Page last updated at 12:40 GMT, Thursday, 13 May 2010 13:40 UK

Trials begin on hepatitis C drug developed in Cardiff

Liver cells
Hepatitis C can lead to liver cancer and cirrhosis and can be fatal

The first human clinical trials have started on a new drug developed to treat infections caused by the hepatitis C virus.

The medication, taken orally, was first prepared at the Welsh School of Pharmacy at Cardiff University in 2008.

Laboratory tests showed it killed 90% of the virus at very low concentration.

Trials in healthy volunteers to assess the drug's safety are being held before its effectiveness on patients is tested in trials next year.

Approximately 170m people around the world are affected by hepatitis C, which can lead to liver cancer and cirrhosis and can be fatal.

It is the leading cause of liver transplantation in western countries.

We believe that INX-189 offers the possibility of more potency against hepatitis, more rapid action in the liver, and fewer side effects than existing treatments
Professor Chris McGuigan, Welsh School of Pharmacy

The current treatment involves two drugs - ribavirin and interferon, which has to be given as an injection.

Side effects are often severe and lead to patients failing to complete the treatment.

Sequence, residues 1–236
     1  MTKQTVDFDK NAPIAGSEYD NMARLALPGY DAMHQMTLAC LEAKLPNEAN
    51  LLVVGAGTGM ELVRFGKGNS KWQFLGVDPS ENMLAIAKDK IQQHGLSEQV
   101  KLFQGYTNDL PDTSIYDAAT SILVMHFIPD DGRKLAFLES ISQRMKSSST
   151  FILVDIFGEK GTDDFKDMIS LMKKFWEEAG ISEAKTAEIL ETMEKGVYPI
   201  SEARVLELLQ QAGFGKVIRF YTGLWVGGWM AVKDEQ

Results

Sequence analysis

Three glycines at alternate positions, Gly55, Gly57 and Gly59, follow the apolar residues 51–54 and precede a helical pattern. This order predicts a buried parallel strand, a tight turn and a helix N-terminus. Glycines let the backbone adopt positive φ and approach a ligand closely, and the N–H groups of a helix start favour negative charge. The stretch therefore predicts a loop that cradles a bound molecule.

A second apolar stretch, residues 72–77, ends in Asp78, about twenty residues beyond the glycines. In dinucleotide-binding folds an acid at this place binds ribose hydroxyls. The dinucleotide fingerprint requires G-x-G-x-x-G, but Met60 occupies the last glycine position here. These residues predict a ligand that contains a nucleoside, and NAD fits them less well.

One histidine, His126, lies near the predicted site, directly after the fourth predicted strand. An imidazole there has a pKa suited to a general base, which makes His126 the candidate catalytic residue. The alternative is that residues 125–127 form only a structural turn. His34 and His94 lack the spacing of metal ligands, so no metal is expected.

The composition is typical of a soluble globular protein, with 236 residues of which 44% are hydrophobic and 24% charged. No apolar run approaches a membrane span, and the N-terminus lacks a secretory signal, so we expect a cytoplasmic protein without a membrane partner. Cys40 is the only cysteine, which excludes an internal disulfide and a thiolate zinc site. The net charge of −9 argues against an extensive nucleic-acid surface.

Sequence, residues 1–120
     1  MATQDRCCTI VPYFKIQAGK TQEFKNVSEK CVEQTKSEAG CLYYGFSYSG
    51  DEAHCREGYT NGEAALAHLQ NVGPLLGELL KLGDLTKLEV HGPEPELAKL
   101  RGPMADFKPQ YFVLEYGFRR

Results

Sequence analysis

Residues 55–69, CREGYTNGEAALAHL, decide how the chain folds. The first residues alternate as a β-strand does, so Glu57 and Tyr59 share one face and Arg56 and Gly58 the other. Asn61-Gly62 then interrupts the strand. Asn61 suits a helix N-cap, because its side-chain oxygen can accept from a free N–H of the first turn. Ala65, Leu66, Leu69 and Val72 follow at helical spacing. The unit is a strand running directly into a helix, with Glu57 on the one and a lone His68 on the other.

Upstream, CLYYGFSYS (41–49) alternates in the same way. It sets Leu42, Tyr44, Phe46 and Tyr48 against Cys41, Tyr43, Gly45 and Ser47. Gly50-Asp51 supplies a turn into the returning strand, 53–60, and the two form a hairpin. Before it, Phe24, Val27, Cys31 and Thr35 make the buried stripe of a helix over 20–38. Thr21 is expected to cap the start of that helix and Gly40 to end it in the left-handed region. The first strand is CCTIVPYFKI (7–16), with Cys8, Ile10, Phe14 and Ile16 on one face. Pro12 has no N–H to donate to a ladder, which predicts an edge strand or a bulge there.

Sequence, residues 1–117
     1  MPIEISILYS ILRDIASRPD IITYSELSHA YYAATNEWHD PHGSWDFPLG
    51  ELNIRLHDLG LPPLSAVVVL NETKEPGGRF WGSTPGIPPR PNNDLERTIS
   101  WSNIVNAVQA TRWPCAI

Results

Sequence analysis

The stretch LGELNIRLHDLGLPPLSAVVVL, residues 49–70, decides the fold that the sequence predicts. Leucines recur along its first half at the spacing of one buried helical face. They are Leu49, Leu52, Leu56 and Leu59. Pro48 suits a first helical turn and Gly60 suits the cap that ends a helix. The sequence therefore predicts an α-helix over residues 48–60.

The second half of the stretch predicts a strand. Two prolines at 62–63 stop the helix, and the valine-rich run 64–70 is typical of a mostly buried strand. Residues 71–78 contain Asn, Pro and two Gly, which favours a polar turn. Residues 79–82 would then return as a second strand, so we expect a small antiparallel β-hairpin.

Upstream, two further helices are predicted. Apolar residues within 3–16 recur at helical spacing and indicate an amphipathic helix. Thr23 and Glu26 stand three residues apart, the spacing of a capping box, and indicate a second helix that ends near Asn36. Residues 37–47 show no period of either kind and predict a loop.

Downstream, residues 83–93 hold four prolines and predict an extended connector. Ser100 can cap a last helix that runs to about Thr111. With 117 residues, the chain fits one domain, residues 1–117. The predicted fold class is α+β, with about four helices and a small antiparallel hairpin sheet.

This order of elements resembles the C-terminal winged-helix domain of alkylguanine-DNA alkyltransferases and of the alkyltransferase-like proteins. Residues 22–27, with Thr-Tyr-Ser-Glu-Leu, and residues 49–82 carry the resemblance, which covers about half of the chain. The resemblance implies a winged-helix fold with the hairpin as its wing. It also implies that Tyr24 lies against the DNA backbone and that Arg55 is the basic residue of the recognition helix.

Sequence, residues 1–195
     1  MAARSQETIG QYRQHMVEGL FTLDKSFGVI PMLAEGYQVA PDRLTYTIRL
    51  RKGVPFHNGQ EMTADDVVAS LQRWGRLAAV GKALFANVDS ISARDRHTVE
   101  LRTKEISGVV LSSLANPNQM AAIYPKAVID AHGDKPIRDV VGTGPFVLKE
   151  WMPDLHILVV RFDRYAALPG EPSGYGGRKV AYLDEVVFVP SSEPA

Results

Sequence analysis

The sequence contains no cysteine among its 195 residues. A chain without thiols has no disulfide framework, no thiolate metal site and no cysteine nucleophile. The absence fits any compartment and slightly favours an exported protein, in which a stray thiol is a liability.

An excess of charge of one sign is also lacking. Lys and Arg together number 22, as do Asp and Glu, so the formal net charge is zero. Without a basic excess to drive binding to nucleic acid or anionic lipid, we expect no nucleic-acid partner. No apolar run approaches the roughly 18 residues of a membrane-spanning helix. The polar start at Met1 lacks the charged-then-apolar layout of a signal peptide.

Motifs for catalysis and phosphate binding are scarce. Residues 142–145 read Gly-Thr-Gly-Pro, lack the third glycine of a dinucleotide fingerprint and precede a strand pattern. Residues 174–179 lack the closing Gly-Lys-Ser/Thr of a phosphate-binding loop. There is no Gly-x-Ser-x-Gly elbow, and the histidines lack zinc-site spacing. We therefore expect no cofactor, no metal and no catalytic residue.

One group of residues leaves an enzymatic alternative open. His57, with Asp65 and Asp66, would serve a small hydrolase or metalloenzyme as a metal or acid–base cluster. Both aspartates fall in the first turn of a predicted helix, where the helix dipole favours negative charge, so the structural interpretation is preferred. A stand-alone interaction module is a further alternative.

However, researchers at the university believe the new drug, INX-189, is one of the most potent of its kind developed to date.

US pharmaceutical company Inhibitex, which owns the licence to INX-189 and has been working with the Cardiff team, is running the trials.

'Encouraging progress'

Professor Chris McGuigan, of the Welsh School of Pharmacy, who is the academic lead on the project, said the trials were in a "a very early stage".

"However, progress has been encouraging so far, going from the laboratory to human trials within 18 months.

"We believe that INX-189 offers the possibility of more potency against hepatitis, more rapid action in the liver, and fewer side effects than existing treatments."

Cardiff University and Inhibitex filed a patent on INX-189 earlier this year. It has been cleared for human clinical trials by the Food and Drug Administration in the US.



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